November18,2011

Family Caregivers Need Access & Training on Assistive Technologies

Family Caregiver Alliance, National Center on Caregiving Logo
By Guest Blogger Kathleen Kelly, MPA, Executive Director, Family Caregiver Alliance, National Center on Caregiving

As the demographics shift to reflect an aging population, innovation abounds in the area of developing new assistive technologies to make life tasks easier for an individual with disabilities or for a family caregiver. How can you find out about existing or new technologies? One answer is finding information on the Internet, and a recent online survey of caregivers provides some insight into this question.

Recently, the Assistant Secretary for Planning and Evaluation in the Department of Health and Human Services embarked on a project entitled, “Accelerating Adoption of Assistive Technology to Reduce Physical Strain among Family Caregivers of the Chronically Disabled Elderly Living at Home.” A large title – and charge – to figure out the best ways to match assistive technologies to specific needs and then, get those technologies into the hands of family caregivers to use.

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November16,2011

America: It’s Time to Get Seizure Smart! What You Learn Could Save a Life

The Epilepsy Foundation's Get Seizure Smart logo
By Guest Blogger Tony Coelho, Epilepsy Foundation Interim CEO

November is National Epilepsy Awareness Month and the Epilepsy Foundation’s national initiative – Get Seizure Smart – is a grassroots public awareness campaign aimed at getting information about seizure first aid and recognition into the hands of as many Americans as possible, so they will know how to respond if they see someone having a seizure. Even though epilepsy is the most common neurological disorder affecting all age groups, it is still largely misunderstood by the general public.

This year, another 200,000 people will be diagnosed with epilepsy, and an estimated 25,000 to 50,000 will die of seizures and related causes. Some people live well with controlled seizures, while others – approximately one-third of Americans with epilepsy – have seizures that are resistant to medical treatment. It causes many people to live with constant anxiety, wondering when the next seizure will strike. No age group or demographic is exempt. It is estimated that 1 in 100 children will be diagnosed with epilepsy before age 20, and the number of cases in the elderly continues to soar as the baby boomer generation approaches retirement age. Currently, more than 570,000 adults ages 65 and older in the United States have the condition.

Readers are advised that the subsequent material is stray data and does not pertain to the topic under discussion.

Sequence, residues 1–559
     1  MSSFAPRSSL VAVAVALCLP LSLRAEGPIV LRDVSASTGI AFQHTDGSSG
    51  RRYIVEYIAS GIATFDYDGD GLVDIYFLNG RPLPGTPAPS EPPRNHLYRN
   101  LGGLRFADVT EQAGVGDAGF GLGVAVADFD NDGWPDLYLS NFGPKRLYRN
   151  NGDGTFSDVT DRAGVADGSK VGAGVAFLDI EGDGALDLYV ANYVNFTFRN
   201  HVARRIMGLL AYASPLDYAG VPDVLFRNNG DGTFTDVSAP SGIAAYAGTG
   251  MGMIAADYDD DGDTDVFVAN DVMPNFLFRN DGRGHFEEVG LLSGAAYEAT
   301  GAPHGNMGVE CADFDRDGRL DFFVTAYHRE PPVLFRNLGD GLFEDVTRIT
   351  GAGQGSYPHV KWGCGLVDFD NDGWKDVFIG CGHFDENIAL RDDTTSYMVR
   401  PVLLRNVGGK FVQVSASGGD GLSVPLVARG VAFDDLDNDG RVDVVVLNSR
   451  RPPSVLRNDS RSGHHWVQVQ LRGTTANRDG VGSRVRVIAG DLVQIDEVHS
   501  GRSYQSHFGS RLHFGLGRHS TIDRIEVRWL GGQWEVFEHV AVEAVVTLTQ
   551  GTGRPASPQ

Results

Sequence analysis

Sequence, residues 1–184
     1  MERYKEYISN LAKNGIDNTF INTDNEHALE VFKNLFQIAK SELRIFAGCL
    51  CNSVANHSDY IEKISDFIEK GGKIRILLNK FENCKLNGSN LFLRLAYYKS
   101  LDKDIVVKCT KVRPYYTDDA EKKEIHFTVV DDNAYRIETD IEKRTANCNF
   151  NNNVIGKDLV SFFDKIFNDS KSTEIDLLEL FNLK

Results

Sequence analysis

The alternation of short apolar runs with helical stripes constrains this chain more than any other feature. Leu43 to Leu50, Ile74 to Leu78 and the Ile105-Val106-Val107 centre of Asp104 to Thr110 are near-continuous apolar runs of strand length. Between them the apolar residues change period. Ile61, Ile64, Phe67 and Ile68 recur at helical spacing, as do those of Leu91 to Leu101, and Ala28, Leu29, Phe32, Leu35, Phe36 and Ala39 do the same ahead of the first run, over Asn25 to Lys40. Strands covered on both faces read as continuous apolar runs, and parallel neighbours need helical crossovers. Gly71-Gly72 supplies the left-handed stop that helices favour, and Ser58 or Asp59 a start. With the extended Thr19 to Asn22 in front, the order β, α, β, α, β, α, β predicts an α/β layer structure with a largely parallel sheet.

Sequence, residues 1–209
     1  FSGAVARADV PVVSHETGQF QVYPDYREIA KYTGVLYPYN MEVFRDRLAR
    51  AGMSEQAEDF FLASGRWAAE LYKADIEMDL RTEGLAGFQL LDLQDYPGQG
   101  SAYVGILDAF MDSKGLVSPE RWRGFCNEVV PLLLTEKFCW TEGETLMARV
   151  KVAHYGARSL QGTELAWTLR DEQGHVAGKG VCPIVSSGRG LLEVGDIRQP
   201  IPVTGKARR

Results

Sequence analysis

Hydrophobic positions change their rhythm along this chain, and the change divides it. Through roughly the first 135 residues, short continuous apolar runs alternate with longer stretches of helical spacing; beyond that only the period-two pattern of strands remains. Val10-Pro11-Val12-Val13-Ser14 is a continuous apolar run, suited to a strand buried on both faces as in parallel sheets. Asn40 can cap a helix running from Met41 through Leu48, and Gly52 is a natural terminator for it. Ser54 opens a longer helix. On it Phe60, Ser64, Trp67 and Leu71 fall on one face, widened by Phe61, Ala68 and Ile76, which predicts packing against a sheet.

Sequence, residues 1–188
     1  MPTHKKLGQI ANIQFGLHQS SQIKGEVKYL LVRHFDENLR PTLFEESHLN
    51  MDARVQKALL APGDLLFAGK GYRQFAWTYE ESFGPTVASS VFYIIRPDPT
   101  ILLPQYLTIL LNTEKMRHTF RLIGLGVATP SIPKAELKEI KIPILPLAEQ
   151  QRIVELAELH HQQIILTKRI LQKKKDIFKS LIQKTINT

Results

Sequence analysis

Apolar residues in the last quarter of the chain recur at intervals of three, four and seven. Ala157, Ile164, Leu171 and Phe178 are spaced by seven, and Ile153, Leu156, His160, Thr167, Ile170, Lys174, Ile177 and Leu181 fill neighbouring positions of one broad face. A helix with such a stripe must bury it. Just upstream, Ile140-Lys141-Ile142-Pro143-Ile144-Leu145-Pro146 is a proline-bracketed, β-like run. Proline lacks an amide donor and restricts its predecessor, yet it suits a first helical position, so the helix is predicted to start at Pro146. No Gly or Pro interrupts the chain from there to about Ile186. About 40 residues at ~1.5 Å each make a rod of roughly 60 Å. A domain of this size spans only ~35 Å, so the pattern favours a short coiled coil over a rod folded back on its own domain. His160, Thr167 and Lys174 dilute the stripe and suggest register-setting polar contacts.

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November11,2011

Wounded Warrior Careers: It’s Ability, Not Disability, That Counts

Guest Blog by the National Organization on Disability Team

With the U.S. military engagement in Iraq drawing to a close, this Veterans Day is an appropriate time to take a closer look at the challenges of the more than 110,000 post-9/11 Veterans with service-connected disabilities of 60 percent or greater, as rated by the U.S. Department of Veterans Affairs (VA). These disabilities often demand a long and difficult period of recovery and adjustment – but they need not be barriers to fulfilling civilian employment and independence.

Even for Veterans without severe disabilities, the challenges of transitioning home from a military career to the civilian workforce can be daunting. Today’s Veterans are older and far more likely to have spouses and children than previous generations of Veterans. But despite their considerable military experience, they are less likely than Veterans of previous wars to have held a full-time civilian job, prepared a résumé or experienced a non-military job interview.

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November10,2011

The American Diabetes Association – Advocating for the Rights of People with Diabetes through Education, Negotiation, Litigation and Legislation

A group of people raising their hands.
By Gary Gross, J.D., Managing Director for Legal Advocacy, American Diabetes Association

November is American Diabetes Month and the American Diabetes Association is rallying the public to take actions against the disease through this year’s theme, I Raise My Hand to Stop Diabetes®. The Association will pay tribute to those who have raised their hand and work to Stop Diabetes every day. People, places and programs that are working hard to change the future of diabetes will be highlighted. At the same time, Americans will be rallied to join these champions in the Stop Diabetes movement by pledging to become involved.

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November09,2011

Pay It Forward for Veterans in Your Community

Picture of banner that says Everyday is Veterans Day

By Guest Blogger Bill Lawson, National President, Paralyzed Veterans of America

“How can we give back to Veterans?” It’s a commonly asked question, and one that is uncommonly tough to answer. On the one hand, it means that America really cares about its Veterans. On the other hand, it’s very difficult to know what to give someone who is prepared to defend your freedom with his or her life.

From this grateful Veteran, may I suggest an answer that we can all take to heart this Veterans Day, “Pay It Forward.”

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